Monday, January 14, 2008

Vampira Now Really Dead

Off in B-Movie Heaven with Tor Johnson and Paul MarcoAs has been reported on numerous web sites devoted to schlock and B-movies, the world's first TV horror movie host, Maila Nurmi, aka Vampira, has gone to the grave at age 86. She made a splash in the mid-1950s with her Los Angeles-area show, but she's best known to those of us who were born later and live somewhere other than L.A. for her epic role as "Vampire Girl" in Ed Wood's magnum opus, Plan 9 from Outer Space.

Her death brings to mind memories of what TV used to be like decades ago, with local, independent stations that produced their own cheesy shows like Vampira's. In Nyaaaaaahahahahahahhhh!Detroit, we had Sir Graves Ghastly, whose show ran from the late 1960s to the early 1980s. I knew Lawson Deming, Sir Graves's alter-ego, was in his 90s and living in a retirement home in Ohio, but my brother informed me he too died back in April. There was apparently only a brief mention in the Detroit Free Press (for shame) but Fox 2 News at least had a segment on Sir Graves's journey to the Great Beyond.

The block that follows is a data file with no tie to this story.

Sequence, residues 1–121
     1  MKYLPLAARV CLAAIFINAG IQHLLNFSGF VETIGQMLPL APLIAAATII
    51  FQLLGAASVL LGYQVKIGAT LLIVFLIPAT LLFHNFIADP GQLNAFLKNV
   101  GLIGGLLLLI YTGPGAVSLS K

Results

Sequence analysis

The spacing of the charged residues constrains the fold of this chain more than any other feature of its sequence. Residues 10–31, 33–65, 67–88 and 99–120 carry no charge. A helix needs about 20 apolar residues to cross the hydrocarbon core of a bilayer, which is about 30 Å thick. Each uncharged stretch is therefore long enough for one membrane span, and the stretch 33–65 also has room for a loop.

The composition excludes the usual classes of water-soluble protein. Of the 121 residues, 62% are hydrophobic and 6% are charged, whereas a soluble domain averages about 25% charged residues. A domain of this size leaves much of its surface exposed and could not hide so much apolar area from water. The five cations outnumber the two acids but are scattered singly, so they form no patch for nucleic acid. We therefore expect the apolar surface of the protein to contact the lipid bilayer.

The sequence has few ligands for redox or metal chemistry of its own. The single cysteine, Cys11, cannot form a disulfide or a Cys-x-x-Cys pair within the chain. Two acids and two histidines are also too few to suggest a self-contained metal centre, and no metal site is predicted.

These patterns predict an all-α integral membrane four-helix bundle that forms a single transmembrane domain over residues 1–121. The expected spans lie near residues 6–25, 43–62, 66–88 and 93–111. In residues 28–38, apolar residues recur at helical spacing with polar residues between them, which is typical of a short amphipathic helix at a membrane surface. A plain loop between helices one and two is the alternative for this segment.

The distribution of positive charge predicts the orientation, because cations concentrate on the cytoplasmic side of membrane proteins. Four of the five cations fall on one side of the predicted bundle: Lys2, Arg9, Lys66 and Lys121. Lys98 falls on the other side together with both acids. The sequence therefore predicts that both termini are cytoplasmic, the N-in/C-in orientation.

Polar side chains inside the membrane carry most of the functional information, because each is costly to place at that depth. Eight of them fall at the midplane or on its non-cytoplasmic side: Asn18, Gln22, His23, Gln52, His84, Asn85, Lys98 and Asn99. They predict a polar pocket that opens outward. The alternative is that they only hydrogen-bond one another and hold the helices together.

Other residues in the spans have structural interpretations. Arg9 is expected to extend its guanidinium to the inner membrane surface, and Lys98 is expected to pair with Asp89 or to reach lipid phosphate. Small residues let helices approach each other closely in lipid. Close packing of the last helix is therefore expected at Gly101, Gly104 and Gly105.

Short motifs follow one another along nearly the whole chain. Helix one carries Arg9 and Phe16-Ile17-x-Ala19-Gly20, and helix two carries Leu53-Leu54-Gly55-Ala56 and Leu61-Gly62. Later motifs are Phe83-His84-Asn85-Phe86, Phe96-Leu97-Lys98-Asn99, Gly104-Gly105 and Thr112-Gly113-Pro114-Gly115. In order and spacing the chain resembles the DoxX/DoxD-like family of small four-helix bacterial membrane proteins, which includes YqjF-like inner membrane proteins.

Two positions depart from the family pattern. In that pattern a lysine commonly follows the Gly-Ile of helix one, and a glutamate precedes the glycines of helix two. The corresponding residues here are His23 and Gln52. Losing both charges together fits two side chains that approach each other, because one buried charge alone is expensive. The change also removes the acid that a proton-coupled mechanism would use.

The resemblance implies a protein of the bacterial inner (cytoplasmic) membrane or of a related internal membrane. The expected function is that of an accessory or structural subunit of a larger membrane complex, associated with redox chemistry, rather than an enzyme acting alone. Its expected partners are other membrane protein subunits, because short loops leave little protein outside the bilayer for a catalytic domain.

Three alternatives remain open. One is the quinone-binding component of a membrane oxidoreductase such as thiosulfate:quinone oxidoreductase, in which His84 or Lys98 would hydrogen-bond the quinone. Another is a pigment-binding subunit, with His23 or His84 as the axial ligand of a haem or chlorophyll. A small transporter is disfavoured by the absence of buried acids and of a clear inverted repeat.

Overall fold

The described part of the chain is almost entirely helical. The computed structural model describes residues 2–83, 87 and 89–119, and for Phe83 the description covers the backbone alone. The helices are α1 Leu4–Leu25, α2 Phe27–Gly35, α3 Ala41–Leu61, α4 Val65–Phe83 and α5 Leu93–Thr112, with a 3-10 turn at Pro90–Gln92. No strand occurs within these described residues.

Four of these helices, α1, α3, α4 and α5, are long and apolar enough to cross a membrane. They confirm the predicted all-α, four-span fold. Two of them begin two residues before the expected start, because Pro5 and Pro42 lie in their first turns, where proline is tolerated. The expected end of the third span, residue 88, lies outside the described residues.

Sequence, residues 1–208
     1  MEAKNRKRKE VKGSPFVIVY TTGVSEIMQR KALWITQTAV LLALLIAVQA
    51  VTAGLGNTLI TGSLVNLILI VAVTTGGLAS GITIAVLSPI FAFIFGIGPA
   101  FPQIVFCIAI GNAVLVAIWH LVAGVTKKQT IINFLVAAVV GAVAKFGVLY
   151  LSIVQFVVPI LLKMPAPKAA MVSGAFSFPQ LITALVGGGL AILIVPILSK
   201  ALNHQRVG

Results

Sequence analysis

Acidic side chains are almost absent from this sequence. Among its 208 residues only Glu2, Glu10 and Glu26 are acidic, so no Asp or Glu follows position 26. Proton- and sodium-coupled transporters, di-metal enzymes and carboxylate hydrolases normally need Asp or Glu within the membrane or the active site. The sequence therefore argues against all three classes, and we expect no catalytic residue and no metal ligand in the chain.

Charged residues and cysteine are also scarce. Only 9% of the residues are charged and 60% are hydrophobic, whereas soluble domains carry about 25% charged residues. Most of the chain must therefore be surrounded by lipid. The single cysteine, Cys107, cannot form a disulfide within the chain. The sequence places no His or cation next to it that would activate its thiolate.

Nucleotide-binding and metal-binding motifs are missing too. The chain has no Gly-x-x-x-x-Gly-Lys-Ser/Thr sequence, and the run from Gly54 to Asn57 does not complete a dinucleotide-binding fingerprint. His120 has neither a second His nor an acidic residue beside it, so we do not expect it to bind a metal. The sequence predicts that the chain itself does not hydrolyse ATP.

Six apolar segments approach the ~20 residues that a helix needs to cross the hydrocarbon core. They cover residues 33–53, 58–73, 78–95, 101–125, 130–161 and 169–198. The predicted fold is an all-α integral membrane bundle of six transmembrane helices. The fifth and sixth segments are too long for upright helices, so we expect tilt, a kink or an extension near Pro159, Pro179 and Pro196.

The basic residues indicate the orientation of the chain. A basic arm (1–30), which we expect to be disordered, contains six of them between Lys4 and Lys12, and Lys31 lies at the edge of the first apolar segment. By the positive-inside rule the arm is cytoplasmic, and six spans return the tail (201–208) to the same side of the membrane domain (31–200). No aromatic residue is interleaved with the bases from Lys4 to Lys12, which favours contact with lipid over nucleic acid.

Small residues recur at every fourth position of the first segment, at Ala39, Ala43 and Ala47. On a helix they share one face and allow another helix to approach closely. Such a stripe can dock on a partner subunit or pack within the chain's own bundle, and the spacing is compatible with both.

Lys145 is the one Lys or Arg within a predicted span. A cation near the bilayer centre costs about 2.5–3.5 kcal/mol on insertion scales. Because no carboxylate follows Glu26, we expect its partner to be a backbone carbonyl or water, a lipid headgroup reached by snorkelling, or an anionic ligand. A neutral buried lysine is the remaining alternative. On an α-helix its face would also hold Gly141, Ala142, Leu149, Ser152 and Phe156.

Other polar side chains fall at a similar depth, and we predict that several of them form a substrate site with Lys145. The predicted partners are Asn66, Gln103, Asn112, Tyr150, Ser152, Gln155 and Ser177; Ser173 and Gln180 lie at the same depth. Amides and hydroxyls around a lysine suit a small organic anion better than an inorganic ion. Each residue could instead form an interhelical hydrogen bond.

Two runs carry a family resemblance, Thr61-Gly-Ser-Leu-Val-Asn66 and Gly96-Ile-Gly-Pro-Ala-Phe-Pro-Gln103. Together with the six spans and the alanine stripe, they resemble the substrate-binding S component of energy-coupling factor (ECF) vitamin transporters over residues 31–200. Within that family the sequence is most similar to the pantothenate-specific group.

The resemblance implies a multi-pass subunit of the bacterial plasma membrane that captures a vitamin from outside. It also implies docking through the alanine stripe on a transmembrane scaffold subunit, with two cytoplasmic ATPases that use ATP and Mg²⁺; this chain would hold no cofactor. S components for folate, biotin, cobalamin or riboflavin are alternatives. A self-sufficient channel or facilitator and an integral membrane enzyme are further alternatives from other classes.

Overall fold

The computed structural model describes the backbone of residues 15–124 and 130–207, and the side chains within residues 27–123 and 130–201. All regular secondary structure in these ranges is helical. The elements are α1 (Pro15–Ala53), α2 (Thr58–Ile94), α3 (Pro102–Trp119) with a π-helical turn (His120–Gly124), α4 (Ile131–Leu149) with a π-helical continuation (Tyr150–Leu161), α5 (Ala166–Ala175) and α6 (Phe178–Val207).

Then there was Soupy Sales, still alive and kicking, whose Detroit heyday was before I was born. He also had a late-1970s version of his show, though, and I remember that from my youth. This clip with Alice Cooper still makes me lose my shit:

And we also had Bill Kennedy At the Movies on Channel 50 every day at 1 Got any scotch?o'clock. For 30-some years, old Bill sat at his desk with his big glasses and goofy hat and showed chestnuts like Anchors Aweigh and Some Like It Hot, regaling viewers with trivia about the people in and behind the films. He also took calls from the audience and would sometimes be a cranky old bastard when someone asked a question he thought was too stupid or obscure for him to answer. He also went off the air in the early 1980s, not long after Sir Graves hung it up, and died in Florida in 1997. Many who grew up in Metro Detroit watching him credit Kennedy with beginning their lifelong fascination with Hollywood and the movies, and I guess now I'm thinking about it I should count myself in their number.

Back to Vampira. One of her obituaries called her death "the last sad whimper to the lingering death of an old tradition." Well, yes, the era of local cheesy TV shows seems to have passed. But the tradition of horror movie hosts lives on, if nowhere else, on the Internet. Even if you discount Vampira knock-off Elvira, there's still The Ghoul and, heck, Count Floyd is still very much alive, even if Monster Chiller Horror Theatre is only viewable on DVD... or YouTube (speaking of losing my shit):